What.! The media portrayal of vikings is incorrect, dramatised, and sensationalised. I’m shocked!
With shows like Vikings, the interest in Vikings and that time period has really taken off recently. I’m fairly ignorant about the subject, and the only exposure I’ve had is from television showing them as ruthless sea-going warriors rading and pillaging other villages and countries for their own gain. So this trip to Norway 🇳🇴 is a great opportunity to gain some insight into not only Norway but also of Viking culture.
The cruise has us briefly visiting four ports in Norway. With such a short visit, we’ll only be touching Norwegian and Viking history and culture.
Our first port is Haugesund and a tour of the historical museum and a recreation of a Viking farm.
From the farm, we headed back into town to enjoy a traditional meat sod (soup) and fish sod in a local award winning restaurant, which was sensational.
Then it was time to get back on the ship.
For the past few days I’ve had a sore throat and a really husky voice – I suspected all the dry air when travelling and I may have been doing a lot of talking … including talking (really loud) at the welcome event with loud music. A sore throat is also synonymous with covid, so I took a RAT test on Monday night (which was negative), just to be sure.
With persisting symptoms I’d hate for it to be covid and sharing it around … and be ‘that’ person. So I paid the medical centre a visit. The PCR test confirmed that I am still covid, flu, and RSV negative, and what I have is nothing more sinister than a throat infection.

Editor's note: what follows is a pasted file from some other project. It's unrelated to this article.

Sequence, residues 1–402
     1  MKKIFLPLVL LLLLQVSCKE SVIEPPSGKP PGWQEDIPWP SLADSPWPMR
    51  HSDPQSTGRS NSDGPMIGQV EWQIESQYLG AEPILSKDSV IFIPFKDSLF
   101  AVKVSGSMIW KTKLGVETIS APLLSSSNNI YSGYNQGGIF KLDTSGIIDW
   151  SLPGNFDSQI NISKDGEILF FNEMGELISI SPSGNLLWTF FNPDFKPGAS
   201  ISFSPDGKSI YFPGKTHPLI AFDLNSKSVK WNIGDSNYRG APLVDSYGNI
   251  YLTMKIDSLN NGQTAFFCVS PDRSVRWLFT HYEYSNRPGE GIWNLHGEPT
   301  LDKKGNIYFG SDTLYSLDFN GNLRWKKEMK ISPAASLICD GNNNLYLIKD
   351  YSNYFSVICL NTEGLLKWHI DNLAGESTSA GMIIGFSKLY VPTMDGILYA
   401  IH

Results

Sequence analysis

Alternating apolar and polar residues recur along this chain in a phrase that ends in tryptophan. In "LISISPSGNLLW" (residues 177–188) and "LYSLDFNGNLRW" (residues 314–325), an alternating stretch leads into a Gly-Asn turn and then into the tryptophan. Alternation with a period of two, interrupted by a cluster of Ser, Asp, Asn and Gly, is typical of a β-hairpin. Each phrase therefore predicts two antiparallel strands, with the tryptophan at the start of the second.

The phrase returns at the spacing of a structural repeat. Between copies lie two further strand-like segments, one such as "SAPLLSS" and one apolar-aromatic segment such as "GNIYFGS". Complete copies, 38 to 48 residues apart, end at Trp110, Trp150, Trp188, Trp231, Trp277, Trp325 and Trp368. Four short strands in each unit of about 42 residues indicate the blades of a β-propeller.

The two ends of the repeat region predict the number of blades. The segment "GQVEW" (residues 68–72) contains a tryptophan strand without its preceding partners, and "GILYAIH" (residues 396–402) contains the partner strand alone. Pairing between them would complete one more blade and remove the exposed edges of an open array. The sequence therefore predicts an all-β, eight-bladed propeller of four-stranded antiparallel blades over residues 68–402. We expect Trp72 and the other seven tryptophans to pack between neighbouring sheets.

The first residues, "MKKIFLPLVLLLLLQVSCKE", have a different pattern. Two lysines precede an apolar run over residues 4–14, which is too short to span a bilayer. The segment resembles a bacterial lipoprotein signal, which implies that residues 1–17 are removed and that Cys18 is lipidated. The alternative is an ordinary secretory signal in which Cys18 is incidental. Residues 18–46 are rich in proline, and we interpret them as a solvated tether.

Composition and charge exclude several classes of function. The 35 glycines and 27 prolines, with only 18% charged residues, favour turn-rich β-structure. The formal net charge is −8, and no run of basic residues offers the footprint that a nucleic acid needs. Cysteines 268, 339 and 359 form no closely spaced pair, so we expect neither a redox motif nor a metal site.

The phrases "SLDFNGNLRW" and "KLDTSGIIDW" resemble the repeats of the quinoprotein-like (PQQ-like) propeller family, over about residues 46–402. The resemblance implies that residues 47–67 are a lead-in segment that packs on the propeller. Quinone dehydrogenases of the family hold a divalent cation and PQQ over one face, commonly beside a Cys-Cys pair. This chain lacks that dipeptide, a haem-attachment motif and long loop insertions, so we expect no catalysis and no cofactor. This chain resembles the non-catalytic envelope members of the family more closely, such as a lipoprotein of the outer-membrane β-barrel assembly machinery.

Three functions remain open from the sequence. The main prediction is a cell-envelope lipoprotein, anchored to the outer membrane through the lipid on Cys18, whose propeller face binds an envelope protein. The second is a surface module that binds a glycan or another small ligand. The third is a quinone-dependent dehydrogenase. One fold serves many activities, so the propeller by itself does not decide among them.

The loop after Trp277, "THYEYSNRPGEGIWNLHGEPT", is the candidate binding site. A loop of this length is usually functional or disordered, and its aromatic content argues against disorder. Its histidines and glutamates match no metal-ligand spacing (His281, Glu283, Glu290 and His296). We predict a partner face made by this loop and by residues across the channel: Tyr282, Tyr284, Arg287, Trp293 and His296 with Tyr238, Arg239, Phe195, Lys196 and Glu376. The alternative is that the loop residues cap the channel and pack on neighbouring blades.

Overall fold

Now I can rest easy that I’m not infectious.
Unfortunately while I was sitting in the medical centre we sailed through the fjord, and I missed the whole thing. I’m told it was stunning. Luckily, I’ll get a second chance tonight as we sail back out.
The Geiranger Fjord is world heritage listed with water up 200m deep, so a ship this size shouldn’t have a problem.
Unfortunately the conditions conspired against us today with strong winds and currents for our visit Gairanger. The crew tried the seawalk – but the motors failed, then they tried the ship’s tenders, but with such a big ship they were having trouble keeping it in place… It does make you wonder what they’d do if they needed the tenders in an emergency situation… Then when the ship’s moorings broke away they called it quites after 2.5 hours of trying. So we up stumps and headed out early.
On the upside … they exited the fjord slowly giving me a second chance to witness what I missed earlier today.
A few photos from the ship as we sailed back out the Geiranger Fjord.
At one point, the ship did a 360. It’s amazing that such a big ship can effectively spin on the spot.
And for those wanting a bit more privacy to get away from it all … or a place away from the mother-in-law. Check out this house (centre) it looks like the only access is via the jetty at the bottom left.
I’ve no idea how they go sbout choosing such a location. Or how they get from the jetty to the house. So many questions.
Then, sitting drinking my cuppa, I glaced at the time and it’s 10:30 at night and there is still so much light out there. We don’t even need lights on in our cabin with the curtains open!
Tomorrow, we dock at Olden.
3 thoughts on “A Taste of Norway – part 1”
Wow what an experience
How wonderful to be able to experience This beautiful trip
Hope you’re throat is getting better enjoy ,not sure about the comment regarding mother in law though sending love XOXO